Master of my universe
Then the alarm goes off
And all that’s left is
My alarm clock
This is the third of a 10-article series of conversations published on the Time website, authored by myself and Nicha Ratana, with transformational leaders who will be storytellers at the BIF10 Collaborative Innovation Summit in Providence, RI.
“If you’re in business today, you’re running for office every day.” So says Alan Webber, co-founder of Fast Company magazine and a progressive Democrat who recently conceded his bid for governor of New Mexico.
Webber promoted an education-focused, pro-jobs campaign platform that leveraged his background in social business. The only candidate in the race not formerly involved in the state’s government, his supporters valued his outsider perspective and resistance to local political cynicism.
Running for office may seem to be a tricky venture for a media entrepreneur with a blunt, provocative journalistic record. But to Webber, running for governor was a natural culmination of his career-long mission to understand and transform broken systems.
Webber’s talk at BIF9, last year’s Collaborative Innovation Summit, articulated the broken place he sees now in both business and politics. In both systems, he claimed, “something is wrong about the way we’re aspiring to success.”
In his talk, Webber recounted an article by entrepreneur Mark Fuller, published in Fast Company’s first issue. “It asked, ‘How did the United States manage to win every battle in Vietnam, and lose the War?’— because they lost track of the point of the exercise.”
To Webber, the same is true for American business and politics. “Every 10 years, we drive the economic car into the ditch,” Webber said, “It keeps happening because our systems are designed to create this outcome.”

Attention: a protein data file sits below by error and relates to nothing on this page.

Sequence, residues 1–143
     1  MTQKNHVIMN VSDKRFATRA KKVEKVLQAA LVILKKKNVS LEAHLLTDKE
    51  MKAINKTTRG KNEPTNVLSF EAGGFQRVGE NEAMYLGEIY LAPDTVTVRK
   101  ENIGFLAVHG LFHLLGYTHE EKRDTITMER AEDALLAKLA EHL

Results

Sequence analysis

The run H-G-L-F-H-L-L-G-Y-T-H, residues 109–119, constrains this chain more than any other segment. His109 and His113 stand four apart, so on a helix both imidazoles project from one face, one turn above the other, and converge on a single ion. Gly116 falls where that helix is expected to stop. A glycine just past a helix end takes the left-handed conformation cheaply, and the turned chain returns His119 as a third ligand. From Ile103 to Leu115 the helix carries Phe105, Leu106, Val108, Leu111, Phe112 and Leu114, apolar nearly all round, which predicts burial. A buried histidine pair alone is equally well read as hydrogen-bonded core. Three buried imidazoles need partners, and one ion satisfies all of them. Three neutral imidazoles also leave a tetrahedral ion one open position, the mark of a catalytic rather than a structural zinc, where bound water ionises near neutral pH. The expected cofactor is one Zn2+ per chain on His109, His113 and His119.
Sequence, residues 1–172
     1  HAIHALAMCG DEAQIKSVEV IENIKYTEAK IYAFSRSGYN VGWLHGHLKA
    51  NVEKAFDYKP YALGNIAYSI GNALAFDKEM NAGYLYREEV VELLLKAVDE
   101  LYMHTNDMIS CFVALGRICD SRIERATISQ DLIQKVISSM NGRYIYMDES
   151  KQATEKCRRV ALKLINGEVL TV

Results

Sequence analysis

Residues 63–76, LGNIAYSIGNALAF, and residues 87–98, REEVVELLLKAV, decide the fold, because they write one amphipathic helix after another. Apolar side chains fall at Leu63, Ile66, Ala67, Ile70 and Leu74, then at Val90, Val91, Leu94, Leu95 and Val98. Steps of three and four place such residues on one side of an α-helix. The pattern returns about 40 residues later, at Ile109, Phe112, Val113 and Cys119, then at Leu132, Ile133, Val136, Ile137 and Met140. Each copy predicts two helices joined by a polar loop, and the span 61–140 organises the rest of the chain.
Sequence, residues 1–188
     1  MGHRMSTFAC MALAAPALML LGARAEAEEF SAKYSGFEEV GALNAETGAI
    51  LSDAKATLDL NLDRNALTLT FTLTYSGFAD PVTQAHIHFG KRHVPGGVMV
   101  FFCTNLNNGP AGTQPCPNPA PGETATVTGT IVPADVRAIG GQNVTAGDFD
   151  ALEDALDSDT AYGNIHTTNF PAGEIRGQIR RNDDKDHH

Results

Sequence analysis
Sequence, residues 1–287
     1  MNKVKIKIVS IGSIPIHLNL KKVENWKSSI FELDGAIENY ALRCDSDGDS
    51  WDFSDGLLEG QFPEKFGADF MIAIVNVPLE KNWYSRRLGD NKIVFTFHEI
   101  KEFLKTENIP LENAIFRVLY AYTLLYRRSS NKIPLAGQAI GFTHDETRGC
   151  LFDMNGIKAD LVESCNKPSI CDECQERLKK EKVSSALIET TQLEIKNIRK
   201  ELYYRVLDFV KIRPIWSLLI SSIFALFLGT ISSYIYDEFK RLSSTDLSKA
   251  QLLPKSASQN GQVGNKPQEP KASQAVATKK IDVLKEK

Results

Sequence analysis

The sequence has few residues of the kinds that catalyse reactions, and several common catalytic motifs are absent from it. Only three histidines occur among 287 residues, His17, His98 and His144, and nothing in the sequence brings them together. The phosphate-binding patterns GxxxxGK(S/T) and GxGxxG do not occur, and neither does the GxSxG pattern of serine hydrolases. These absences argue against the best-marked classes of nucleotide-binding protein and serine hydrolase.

At the BIF9 Summit, Webber’s ideas were welcomed. “Some conferences give you a feeling that all the talks were written by the same person, memorized, and then delivered as a Forrest Gump-ian box of chocolates,” he reflects. “The BIF Summit is different. The design specs are human-centric. With BIF storytellers, you get the feeling that there’s actual alignment between who they are and what they’re doing.”
Webber and fellow Fast Company co-founder Bill Taylor used their magazine to rally for a major cultural shift in business, a phenomenon that Webber referred to in his BIF talk as “the disappearance of the man in the grey flannel suit.” The concept of the company man who put himself aside so that he could put food on the table was no longer sustainable.
“Work is too important to be alienated from your sense of self,” Webber maintained.
Fast Company used the conceit of the worker drone to criticize America’s toxic work culture. The magazine aligned itself against an economy built upon principles of pure financial return at the expense of sound business practices.
“Fast Company wasn’t a business magazine,” Webber notes. “We had a business model, but we also had a philosophical agenda and a political sensibility about what makes for a good life. It wasn’t articles; it was a curriculum.”
Alan Webber is tough to interview.
He refuses set questions. “Let’s have a conversation,” he insists. He openly shares what he’s struggling with and compels the same. He compliments generously, but does not endorse. He has deep laughter lines.